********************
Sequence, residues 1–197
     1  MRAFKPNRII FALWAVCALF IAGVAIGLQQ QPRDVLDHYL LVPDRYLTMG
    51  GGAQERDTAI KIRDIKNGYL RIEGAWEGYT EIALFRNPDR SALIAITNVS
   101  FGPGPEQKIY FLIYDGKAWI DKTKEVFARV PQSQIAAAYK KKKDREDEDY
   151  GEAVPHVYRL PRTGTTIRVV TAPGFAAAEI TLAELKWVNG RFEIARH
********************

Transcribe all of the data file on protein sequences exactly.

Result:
Sequence, residues 1–197
     1  MRAFKPNRII FALWAVCALF IAGVAIGLQQ QPRDVLDHYL LVPDRYLTMG
    51  GGAQERDTAI KIRDIKNGYL RIEGAWEGYT EIALFRNPDR SALIAITNVS
   101  FGPGPEQKIY FLIYDGKAWI DKTKEVFARV PQSQIAAAYK KKKDREDEDY
   151  GEAVPHVYRL PRTGTTIRVV TAPGFAAAEI TLAELKWVNG RFEIARH